On June 10th at 6:00 am I woke up my 15 year old son, Elazar, for school. At 6:25 he heard on the radio that his Bible teacher, Yaron Unger, was killed in a terrorist attack. When Elazar went to sleep the night before, Yaron Unger was still alive. On June 11, he, together with all his classmates and all of Kiryat Arba, attended the funeral of Yaron and Efrat (Effi) Unger at Gush Etzion.
TWO - two people - young, idealistic, full of energy, full of love of life, love of Torah, love of Israel. The Unger family included two children, Dvir, aged two and Ishai, aged seven months. Ishai was in the back seat of the car when it was shot at. During the funeral it was said that Dvir cried all night, asking for his father. Effi Unger was pregnant, just concluding her second month.
It is always difficult to go to a funeral, and more difficult when the deceased is a victim of senseless
A war can never be won when it is entirely defensive.
terror. But to stand by the fresh graves of two people, husband and wife, with so much yet to accomplish, leaving two orphans--there are no words.
Almost all cried, some wailed, others stood in the burning sun, stunned, numb. This isn't the first time, and unfortunately, probably won't be the last. In spite of the hope somewhere deep down inside me that I'd be able to stop writing these articles, stop granting endless interviews to the news media: "No, we don't want to take revenge--our security is in the hands of the IDF." In spite of the hope, deep down I knew--we all knew. I suppose that's what I meant when I said and wrote that, "We don't have any illusions."
But this time it was a little different--a little, a lot. The Ungers weren't murdered outside Kiryat Arba, or in Hebron. They were killed near Beit Shemesh, inside the 'Green Line,' inside 'Israel proper.' Past terrorist attacks of this kind, where an automobile is shot at by a second vehicle passing the victims at high speed, cutting them off, shooting at them, and then escaping, took place only in Yesha. Tens of people have been killed and wounded in such attacks. But this has never happened outside of Yesha. The terrorists who perpetrated yesterday's murder probably escaped to Bethlehem or Hebron. The exact location isn't clear. But wherever they went, they have where to hide.
So what are we to do? Not long ago I wrote that there will no longer be any 'sacrifices for peace.' And the Ungers are not sacrifices for peace --they are victims of war. One of the major obstacles to a real peace over the last four years was the constant running away-- the refusal to accept the reality as it really was--to realize the status of war. Actually the problem didn't begin four years ago -- it began with the commence-
ment of the Intifada, close to ten years ago. At that time the late Yitzhak Rabin was Defense Minister.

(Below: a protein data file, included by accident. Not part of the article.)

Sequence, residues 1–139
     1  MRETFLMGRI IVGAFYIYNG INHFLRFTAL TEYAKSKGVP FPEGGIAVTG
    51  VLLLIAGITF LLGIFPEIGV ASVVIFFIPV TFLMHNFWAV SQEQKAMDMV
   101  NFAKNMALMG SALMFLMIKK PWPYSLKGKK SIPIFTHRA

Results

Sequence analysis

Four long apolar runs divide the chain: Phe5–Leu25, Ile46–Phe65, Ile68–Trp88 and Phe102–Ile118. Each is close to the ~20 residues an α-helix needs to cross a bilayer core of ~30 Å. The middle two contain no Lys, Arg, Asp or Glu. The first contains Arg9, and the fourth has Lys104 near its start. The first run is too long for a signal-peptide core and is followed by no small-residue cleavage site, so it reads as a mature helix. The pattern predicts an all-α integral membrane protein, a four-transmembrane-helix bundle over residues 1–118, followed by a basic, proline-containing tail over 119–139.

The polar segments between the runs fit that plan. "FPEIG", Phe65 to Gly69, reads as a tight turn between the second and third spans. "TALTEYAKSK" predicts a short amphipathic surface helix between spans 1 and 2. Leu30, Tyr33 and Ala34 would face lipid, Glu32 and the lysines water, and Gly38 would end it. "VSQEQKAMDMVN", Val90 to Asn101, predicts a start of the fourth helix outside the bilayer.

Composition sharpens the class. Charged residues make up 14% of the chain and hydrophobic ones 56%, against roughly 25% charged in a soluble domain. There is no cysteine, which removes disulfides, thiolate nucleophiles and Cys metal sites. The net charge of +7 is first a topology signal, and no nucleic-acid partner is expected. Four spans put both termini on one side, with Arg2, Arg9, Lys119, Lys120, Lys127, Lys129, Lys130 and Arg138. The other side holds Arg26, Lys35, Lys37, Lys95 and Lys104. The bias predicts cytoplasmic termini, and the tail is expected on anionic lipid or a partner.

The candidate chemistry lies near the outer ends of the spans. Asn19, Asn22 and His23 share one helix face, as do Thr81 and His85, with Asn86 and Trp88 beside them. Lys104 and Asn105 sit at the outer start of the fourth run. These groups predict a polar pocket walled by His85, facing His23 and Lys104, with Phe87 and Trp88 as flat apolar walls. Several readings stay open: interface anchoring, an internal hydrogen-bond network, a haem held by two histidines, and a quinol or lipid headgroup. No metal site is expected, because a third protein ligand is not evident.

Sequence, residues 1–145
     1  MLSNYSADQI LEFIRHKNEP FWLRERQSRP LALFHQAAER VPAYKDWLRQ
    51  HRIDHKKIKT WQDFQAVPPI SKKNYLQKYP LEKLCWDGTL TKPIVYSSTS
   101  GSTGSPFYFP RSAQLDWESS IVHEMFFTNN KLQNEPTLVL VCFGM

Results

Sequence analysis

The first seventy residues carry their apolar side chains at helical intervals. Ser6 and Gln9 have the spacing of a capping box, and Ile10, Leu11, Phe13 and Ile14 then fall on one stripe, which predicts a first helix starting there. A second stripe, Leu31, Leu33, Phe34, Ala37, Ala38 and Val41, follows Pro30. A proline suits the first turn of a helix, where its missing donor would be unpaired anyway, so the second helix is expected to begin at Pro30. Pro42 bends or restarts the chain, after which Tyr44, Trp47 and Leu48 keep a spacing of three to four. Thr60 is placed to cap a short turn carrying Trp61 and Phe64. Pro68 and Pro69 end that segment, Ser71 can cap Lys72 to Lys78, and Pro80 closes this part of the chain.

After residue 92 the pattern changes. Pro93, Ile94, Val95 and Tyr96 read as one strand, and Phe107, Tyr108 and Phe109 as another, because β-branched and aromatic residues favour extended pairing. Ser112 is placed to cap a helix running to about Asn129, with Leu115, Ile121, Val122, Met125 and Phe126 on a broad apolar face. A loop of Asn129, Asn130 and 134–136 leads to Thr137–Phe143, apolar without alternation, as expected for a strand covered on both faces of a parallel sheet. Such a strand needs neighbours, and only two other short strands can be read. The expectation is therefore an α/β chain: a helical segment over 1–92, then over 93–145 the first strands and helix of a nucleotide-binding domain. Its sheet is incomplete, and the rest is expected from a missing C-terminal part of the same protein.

From then on, literally to this day, the declared war on Jews in Israel by Arabs was totally ignored. A war can never be won when it is entirely defensive. Defense may stop an enemy attack, but it won't lead to victory. Only initiative leads to victory, and that demands a knowledge that war is being fought--if you don't know you're fighting a war, you never take any initiative. That's the way it's been here for years. As a result, there is no morale in the army, soldiers are afraid to fight and officers fear Commissions of Inquiry.
Presently the Arabs are holding a gun to our collective head. As has been reported over the last week, we are being told, point blank: "If we don't receive what we want, the intifada will return." Violence and terrorism are the name of the game. Arafat is ready to declare his "Palestinian state," with Jerusalem as its capital.
This does not sound like a peace-loving people. One does not negotiate with a gun to one's head. Never. Those who declare war must know, and will know, that we will fight back. We don't want to fight - we don't crave bloodshed. But if they continue to attack us, we will not stand idly by, as the exiting government has done for the past four years. The Arabs expected to receive all of Israel on a silver platter, and they expected to be able to carve us up, as part of the process. The new government, under Benjamin Netanyahu, must not and will not allow this to happen.
On June 10, we lost an additional five soldiers in Lebanon. Together with the loss of Yaron and Efrat, today has been a very difficult day. And the near future may not be much easier. It is very possible that as Bibi takes office Katyusha rockets will be falling on our northern border and Arafat will be, effectively, declaring war throughout Judea, Samaria and Gaza. Bibi and the Israeli people aren't going to have an easy time of it.
I asked my son to show me the last subject he studied with Yaron Unger. He opened his Bible to the Book of Ezra, Chapter 10, verse 4. This was the last verse Yaron taught the class: "Arise, for it is your task: we also will be with you: be of good courage and do it." That is Yaron and Efrat Unger's legacy. Let us not fail them.
Only if his government restores honor to Israel will Benjamin Netanyahu be able to restore the security he promised--and then someday, when the Arab world learns to value the same things, perhaps there will be peace.
Dr. Erich Isaac, a member of the executive committee of Americans for a Safe Israel, is professor emeritus of geography at the City University of New York.
Outpost - 8 - June 1996